One hardly knows what quality to admire most in . . . the Barn Swallow. All the dear associations of life at the old farm come thronging up at sight of him. You think of him somehow as part of the sacred past; yet here he is today as young and as fresh as ever, bubbling over with springtime laughter.
William L. Dawson, Dawson 1923, The Birds of California
The Barn Swallow is the most widely distributed and abundant swallow in the world. It breeds throughout most of North America, Europe, and Asia and winters in Central and South America, southern Spain, Morocco, Egypt, sub-Saharan Africa, the Middle East, India, Indochina, Malaysia, and Australia. Originally nesting primarily in caves, the Barn Swallow has almost completely converted to breeding under the eaves of buildings or inside artificial structures such as bridges and culverts. In North America, this shift in nest sites began before European settlement and was virtually complete by the mid-twentieth century; nowadays natural nestings are rarely seen and usually reported in print if they occur. As with other swallows that have shifted to nesting on human-made structures, such as the Purple Martin (Progne subis), Barn Swallows now sometimes nest in larger colonies than probably occurred in natural settings.
The Barn Swallow's close association with human habitations means that it is well known to the public, and in some parts of the world having Barn Swallows nest on one's property is considered a harbinger of good luck. Legend has it that the Barn Swallow consoled Christ on the cross and got its forked tail because it stole fire from the gods to bring to people, losing its middle tail feathers when a wrathful deity hurled a firebrand at it (Turner 1991). Another superstition is that cows will give bloody milk or go dry if anything happens to the Barn Swallows nesting on a farm. Barn Swallows have been closely associated with humans and their structures for more than 2,000 years in Europe (Møller 1994).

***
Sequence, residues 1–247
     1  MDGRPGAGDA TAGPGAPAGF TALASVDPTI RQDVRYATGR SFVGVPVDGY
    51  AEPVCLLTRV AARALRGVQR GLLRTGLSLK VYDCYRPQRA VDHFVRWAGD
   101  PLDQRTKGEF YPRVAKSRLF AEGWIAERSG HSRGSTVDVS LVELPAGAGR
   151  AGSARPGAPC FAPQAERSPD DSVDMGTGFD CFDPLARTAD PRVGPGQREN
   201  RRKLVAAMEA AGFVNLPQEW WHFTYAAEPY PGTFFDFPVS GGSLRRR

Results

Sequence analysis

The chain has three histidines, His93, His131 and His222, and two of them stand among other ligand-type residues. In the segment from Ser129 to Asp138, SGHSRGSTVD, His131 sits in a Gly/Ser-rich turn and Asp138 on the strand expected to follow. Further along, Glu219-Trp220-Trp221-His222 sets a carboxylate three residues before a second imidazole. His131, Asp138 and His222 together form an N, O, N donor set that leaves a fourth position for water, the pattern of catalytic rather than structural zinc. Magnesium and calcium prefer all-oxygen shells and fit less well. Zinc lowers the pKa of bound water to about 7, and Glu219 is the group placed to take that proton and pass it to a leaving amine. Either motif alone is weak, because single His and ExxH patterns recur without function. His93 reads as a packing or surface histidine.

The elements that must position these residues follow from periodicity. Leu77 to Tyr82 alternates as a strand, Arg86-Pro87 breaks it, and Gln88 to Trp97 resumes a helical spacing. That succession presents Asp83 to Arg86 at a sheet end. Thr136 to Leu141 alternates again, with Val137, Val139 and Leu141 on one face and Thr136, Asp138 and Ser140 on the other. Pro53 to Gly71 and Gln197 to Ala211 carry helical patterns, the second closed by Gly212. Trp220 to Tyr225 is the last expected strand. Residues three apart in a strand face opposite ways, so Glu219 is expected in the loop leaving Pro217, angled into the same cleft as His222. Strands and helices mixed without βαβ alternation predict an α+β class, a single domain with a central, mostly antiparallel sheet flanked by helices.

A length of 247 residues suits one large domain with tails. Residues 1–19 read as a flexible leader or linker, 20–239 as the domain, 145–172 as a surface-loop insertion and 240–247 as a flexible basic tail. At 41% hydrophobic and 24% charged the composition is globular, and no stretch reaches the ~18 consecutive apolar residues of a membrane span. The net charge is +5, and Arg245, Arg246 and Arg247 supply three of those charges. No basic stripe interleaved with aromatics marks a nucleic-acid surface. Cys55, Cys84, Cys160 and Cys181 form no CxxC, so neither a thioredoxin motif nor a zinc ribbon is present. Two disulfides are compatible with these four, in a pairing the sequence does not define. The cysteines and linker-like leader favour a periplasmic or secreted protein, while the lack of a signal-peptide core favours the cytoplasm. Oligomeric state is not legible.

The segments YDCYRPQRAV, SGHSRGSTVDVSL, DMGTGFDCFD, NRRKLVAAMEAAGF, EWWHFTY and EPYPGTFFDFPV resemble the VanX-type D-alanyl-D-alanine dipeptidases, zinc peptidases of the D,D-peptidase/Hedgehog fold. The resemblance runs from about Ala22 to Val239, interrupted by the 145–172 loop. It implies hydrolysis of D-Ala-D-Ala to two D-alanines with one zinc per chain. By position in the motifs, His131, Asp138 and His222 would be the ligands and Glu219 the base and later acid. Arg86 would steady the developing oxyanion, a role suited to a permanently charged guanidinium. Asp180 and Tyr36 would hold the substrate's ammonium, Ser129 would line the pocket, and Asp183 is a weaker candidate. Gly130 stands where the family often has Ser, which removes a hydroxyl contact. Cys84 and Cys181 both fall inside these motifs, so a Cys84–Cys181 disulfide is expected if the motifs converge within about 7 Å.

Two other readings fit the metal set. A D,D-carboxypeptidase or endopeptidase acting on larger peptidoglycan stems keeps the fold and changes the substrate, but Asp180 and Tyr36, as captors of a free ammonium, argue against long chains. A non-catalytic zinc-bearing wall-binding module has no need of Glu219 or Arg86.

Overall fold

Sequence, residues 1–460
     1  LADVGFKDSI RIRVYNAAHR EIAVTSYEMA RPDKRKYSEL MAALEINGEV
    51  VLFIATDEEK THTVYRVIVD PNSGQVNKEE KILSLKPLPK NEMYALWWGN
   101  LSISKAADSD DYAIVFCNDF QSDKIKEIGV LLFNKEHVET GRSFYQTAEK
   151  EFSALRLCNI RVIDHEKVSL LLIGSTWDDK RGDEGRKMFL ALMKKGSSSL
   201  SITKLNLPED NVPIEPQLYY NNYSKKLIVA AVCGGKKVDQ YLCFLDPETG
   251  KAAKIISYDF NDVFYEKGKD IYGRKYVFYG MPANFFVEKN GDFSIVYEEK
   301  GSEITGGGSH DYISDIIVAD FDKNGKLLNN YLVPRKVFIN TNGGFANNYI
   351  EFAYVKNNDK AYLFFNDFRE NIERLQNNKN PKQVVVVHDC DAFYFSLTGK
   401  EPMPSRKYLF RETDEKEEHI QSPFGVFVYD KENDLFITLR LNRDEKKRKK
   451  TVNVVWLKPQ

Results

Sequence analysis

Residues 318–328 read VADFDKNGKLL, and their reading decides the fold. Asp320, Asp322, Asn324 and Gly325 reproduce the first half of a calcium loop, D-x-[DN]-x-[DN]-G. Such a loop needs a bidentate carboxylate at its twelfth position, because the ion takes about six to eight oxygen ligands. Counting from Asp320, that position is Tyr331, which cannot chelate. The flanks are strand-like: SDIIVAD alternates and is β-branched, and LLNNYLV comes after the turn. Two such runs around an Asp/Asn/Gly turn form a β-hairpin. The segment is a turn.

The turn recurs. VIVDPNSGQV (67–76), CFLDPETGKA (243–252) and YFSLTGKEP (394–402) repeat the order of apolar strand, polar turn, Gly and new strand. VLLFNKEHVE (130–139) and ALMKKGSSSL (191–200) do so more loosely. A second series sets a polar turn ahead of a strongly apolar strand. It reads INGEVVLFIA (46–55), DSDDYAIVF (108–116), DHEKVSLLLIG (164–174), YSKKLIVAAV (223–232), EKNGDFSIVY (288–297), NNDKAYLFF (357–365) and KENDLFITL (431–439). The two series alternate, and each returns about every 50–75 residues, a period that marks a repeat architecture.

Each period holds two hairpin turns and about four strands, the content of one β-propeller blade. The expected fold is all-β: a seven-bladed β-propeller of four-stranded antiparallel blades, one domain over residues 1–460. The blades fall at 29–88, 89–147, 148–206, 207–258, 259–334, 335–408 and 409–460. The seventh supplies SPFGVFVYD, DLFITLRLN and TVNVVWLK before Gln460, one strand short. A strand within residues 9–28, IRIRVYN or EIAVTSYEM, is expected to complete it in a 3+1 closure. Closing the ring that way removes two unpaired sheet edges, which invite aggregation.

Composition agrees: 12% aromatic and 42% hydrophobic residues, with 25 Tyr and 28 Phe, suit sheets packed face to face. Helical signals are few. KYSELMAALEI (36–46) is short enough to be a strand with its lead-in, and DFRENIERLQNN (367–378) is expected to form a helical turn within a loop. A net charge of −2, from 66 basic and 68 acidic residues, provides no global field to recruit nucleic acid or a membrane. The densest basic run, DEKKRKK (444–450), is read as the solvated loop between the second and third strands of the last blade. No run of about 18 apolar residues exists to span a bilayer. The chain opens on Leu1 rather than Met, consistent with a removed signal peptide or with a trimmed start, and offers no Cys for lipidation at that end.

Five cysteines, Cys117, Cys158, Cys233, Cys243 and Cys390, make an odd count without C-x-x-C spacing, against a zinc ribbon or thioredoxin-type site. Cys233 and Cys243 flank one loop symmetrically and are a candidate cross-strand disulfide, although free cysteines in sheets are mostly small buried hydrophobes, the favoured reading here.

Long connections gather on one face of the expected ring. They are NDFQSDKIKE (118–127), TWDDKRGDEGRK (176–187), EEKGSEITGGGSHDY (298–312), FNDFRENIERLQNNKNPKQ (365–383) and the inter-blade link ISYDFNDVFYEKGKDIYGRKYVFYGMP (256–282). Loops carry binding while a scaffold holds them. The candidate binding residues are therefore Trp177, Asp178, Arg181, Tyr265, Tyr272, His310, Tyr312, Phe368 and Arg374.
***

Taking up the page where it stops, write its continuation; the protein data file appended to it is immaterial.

As a consequence of both its wide distribution and its nesting on accessible artificial structures near people, the Barn Swallow has been studied extensively throughout the world and especially in Europe. More papers have been published on this species than on any other swallow, and it is one of the most thoroughly studied birds in the world. The Barn Swallow has figured prominently in studies on the costs and benefits of group living (Snapp 1976, Møller 1987a, Shields and Crook 1987), and it has served as a model organism for detailed studies on the mechanisms of sexual selection (Møller 1994). Tail length and degree of asymmetry in the outer tail-streamers have been found to be reliable predictors of individual quality in both males and females, and individuals use these characteristics to select mates. Tail length tends to correlate with reproductive success, annual survival, propensity to engage in extra-pair copulation, parental effort, ability to withstand parasites, immunocompetence, and other measures of fitness. However, most of the research on sexual selection has been done on European populations, and relatively few similar studies have been done on the North American Barn Swallow.
Several species very similar to the Barn Swallow are found in sub-Saharan Africa, Malaysia, and Australia. The relationship among these forms and even the various subspecies within the Barn Swallow is unclear. The North American subspecies of Barn Swallow, H. r. erythrogaster, differs as much in morphology and behavior from the nominate race of Europe and western Asia as some closely related species of Hirundo from Africa (A. P. Møller pers. comm.). While a limited comparison of genetic variation was inconclusive, the level of differentiation found between Eurasian and North American populations suggests that more than one species may exist within the Barn Swallow as currently classified (Zink et al. 1995).
The Barn Swallow has the distinction of being perhaps the only northern temperate breeder that commonly winters in South America and occasionally also breeds there during the boreal winter; Barn Swallows have been reported nesting in small numbers in northern Argentina. In addition, these swallows—not the more famous egrets—have the distinction of having indirectly led to the founding of the conservation movement in the United States: the destruction of Barn Swallows for the millinery trade apparently prompted George Bird Grinnell's 1886 editorial in Forest and Stream that led to the founding of the first Audubon Society (G. Gladden in Pearson 1923).